1080 poisoned trout risk much greater than first declared
In 2016 the Ministry for Primary Industries released a warning to trout fishermen recommending not to eat trout from 1080 poisoned rivers for at least 7 days. https://www.mpi.govt.nz/food-safety/whats-in-our-food/chemicals-and-food/poison-residues-in-food-animals/1080/ In its report it stated “MPI is of the opinion that any food safety risk can be mitigated if anglers are advised to avoid consuming trout from waterways in a 1080 drop area within seven days of the baiting operation.”
To help form its opinion the MPI relied on data from a 2014 Cawthron Institute research paper which investigated the uptake and elimination of 1080 poison in trout http://www.doc.govt.nz/Documents/conservation/threats-and-impacts/animal-pests/cawthron-report-1080-uptake-trout.pdf
However, when analysed (in the video clip below), the information contained in the Cawthron report is at odds with what the MPI is recommending. The Cawthron trout study was ended after 5 days, when the number of trout set aside for testing were depleted, and while there were still high levels of poison measured in the last of the poison-dosed trout.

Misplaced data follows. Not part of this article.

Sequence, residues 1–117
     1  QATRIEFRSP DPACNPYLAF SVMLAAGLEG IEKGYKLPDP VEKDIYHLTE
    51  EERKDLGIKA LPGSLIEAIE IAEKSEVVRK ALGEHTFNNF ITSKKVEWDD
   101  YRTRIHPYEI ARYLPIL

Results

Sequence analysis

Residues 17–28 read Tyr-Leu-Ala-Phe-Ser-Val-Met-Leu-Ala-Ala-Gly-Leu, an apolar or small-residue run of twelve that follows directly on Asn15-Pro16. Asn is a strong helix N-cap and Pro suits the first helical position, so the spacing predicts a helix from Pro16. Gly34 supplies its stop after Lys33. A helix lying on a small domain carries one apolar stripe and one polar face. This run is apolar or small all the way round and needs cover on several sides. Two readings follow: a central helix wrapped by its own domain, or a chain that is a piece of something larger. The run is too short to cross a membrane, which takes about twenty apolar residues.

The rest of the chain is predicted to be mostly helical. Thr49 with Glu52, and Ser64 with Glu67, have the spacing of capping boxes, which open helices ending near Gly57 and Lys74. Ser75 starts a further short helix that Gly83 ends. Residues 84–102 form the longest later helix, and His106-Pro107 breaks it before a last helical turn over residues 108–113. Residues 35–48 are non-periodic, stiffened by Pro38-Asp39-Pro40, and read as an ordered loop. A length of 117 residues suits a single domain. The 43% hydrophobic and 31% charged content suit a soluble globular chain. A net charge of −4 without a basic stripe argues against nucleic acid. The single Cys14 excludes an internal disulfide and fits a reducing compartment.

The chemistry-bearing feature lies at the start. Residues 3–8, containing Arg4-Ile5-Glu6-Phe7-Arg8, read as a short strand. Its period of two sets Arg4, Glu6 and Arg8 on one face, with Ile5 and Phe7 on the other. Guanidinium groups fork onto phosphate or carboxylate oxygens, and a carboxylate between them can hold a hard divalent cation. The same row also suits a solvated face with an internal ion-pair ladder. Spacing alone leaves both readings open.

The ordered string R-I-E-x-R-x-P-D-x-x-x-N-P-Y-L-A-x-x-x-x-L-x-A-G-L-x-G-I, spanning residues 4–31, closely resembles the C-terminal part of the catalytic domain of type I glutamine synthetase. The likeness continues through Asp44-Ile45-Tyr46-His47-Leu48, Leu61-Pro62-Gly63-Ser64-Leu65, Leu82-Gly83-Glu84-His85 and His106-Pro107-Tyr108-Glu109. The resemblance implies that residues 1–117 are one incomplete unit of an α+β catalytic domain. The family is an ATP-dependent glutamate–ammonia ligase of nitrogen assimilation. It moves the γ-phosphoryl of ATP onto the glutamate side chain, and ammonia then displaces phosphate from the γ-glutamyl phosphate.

It is also stated in the Cawthron Report that the trout were given extremely high doses of 1080 poison. That statement is misleading. The trout were given the equivalent poison of that contained in just one half of a small sized, 6 gram bait. Most baits used in aerial operations are 12 grams, so the trout were given the equivalent poison of that contained in just ¼ of a standard sized cereal pellet.
Despite the low doses given to the trout, the poison appears to have contaminated one of the control fish. In figure two on page five of the Cawthron paper, and the Landcare Research 1080 test results show that there were three control fish when the study was ended, and that one of the control fish contained 1080 poison residues 30 times higher than the Maximum Residue Limit set for pesticides in foods.
It becomes apparent that the MPI warning was based on incomplete, and erroneous information. In the following video clip, which also analyses the Cawthron trout report, Brett Power demonstrates why trout fishermen should be far more cautious when consuming trout from poisoned forests and streams. To view the video clip, copy and paste this link to your browser … https://youtu.be/vEUquwYuYTM